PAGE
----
(NaturalNews) In the wake of Japan's Fukushima Dai-ichi nuclear plant disaster, a number of atomic experts have begun to weigh the potential consequences of a similar incident in the United States - what would happen if a massive earthquake-triggered tsunami were to plow into a seaside nuclear plant? Is the nation - or the state in which the plant sits - really prepared for such an event?
Those questions began to swirl within industry circles before the smoke at Fukushima cleared and crews were able to get into the complex to assess and try to control the damage. Many drew the same conclusion: One of the most obvious candidates for this scenario is California, because it is located at the epicenter of the country's most active seismic zone and has two nuclear plants near active faults (two of which were discovered after the plants were built). The location of these plants also puts them in the crosshairs of tsunamis that would barrel across the Pacific Ocean, Newsweek magazine reported.
If anyone asks, the plants, the state and the federal government say they are "prepared" for any eventuality involving the seaside plants. But the Japanese said the same thing before Fukushima, experts have noted. In fact, Japan - accustomed to seismic activity - was said to be the most well-prepared.
So much for that.
$100 billion in damage, thousands dead
"In light of the record-breaking earthquake in Japan, how can we think we are prepared?" Charles Ferguson, a nuclear expert and president of the Federation of American Scientists, told the magazine.
Experts use a pair of calculations to assess the risks to California or any other location considered vulnerable: the likelihood of a certain kind of disaster occurring at all and how well-developed are plans to mitigate damage and recover the area.
Using that matrix, Richard Allen, an associate director of the Seismological Laboratory at the University of California-Berkeley, estimates that California has a whopping 99.7 percent chance of being struck by an earthquake with a magnitude of 6.7 or more within the next three decades.
He says the most likely fault line is the Hayward fault, which extends through San Francisco Bay and the southern portion of the San Andreas, which are east of Los Angeles.
"We think that the longest sections of the faults that can rupture are equivalent to a magnitude-8 earthquake," Allen told Newsweek. An event that is 8.0 or larger would be catastrophic, causing as much as $100 billion or more in damage, and killing hundreds - perhaps thousands - of people. It would be "way beyond the scale of what people think is possible in a modern, industrial state."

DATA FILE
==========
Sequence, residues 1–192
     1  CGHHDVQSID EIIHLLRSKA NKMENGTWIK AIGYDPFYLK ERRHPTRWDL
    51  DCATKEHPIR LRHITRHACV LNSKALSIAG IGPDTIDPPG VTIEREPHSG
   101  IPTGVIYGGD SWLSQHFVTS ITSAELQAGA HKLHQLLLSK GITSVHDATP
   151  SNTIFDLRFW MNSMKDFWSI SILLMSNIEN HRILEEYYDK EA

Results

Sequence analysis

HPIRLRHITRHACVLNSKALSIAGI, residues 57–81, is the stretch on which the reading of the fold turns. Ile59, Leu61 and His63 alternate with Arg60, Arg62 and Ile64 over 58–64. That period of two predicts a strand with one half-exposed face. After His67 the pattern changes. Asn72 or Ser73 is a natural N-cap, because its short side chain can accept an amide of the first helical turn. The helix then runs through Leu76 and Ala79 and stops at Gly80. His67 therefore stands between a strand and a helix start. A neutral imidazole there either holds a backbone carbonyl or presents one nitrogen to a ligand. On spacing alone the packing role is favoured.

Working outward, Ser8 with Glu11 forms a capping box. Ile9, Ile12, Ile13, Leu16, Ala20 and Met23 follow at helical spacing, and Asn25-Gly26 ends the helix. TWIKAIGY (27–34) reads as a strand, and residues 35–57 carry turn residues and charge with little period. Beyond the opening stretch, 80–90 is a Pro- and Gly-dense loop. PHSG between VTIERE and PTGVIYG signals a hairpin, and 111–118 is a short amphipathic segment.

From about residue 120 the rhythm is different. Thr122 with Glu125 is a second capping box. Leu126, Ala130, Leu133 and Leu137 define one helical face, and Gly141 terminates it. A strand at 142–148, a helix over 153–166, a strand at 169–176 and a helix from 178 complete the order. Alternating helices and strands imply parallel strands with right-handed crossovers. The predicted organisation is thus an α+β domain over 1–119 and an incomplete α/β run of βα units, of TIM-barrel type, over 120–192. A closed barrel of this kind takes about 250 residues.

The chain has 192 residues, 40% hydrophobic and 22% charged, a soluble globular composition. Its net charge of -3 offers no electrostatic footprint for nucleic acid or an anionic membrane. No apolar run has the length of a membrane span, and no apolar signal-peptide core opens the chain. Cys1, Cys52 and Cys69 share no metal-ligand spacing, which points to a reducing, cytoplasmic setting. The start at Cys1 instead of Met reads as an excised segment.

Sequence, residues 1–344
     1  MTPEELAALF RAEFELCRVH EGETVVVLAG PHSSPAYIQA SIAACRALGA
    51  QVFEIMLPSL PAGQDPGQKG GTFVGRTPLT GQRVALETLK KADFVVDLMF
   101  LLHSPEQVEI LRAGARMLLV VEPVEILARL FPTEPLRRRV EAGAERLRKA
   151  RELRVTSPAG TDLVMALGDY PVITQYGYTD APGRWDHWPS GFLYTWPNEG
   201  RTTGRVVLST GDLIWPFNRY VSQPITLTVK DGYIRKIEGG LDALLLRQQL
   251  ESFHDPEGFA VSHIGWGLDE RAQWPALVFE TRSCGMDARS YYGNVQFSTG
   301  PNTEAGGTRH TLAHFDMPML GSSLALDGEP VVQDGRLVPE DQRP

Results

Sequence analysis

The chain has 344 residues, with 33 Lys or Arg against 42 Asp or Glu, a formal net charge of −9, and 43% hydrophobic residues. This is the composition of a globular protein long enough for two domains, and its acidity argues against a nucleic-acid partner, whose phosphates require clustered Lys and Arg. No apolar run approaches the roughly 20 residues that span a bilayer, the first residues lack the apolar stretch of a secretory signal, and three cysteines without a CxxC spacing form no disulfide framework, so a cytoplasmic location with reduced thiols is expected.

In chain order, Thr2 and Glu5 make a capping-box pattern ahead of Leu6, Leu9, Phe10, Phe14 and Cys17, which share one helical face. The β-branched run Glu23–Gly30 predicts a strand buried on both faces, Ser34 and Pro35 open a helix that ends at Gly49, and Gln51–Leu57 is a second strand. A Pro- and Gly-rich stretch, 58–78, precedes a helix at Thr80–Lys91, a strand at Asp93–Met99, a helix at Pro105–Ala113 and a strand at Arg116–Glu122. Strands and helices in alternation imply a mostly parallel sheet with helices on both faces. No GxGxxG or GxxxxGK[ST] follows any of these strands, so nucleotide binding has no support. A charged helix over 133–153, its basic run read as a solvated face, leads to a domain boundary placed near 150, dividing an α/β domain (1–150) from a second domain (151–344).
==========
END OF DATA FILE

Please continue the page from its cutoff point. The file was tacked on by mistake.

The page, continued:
Despite that reality, most states are woefully under-prepared to cope with a nuclear disaster; either one that occurs naturally or is man-made (as in a terrorist attack), according to a recent study in the journal Disaster Medicine and Public Health Preparedness.
Early warning - But to what extent?
According to the study, most of the 38 state health departments that responded to a survey said they either had few or no plans for public health surveillance following a radiation leak.
Because of that, and because of the inherent risk to California, Allen and colleagues have, for years, been developing an early warning system for earthquakes throughout the state, placing measuring instruments in many of the state's fault lines.
"Readings feed into a prototype system that, since 2006, has detected hundreds of quakes and calculated their magnitude, all in seconds to tens of seconds before they hit," Newsweek said.
And while that may not seem like much time, Allen and Co. say it could be enough for trains to stop before running off rails, for people to get under tables, and - importantly - for nuclear plants to initiate emergency procedures.
Diablo Canyon, 12 miles southwest of San Luis Obispo, is located on the Hosgri fault and the Shoreline fault; San Onofre, in San Diego County next to I-5, sits near the Oceanside and Newport-Inglewood/Rose Canyon faults, the magazine said.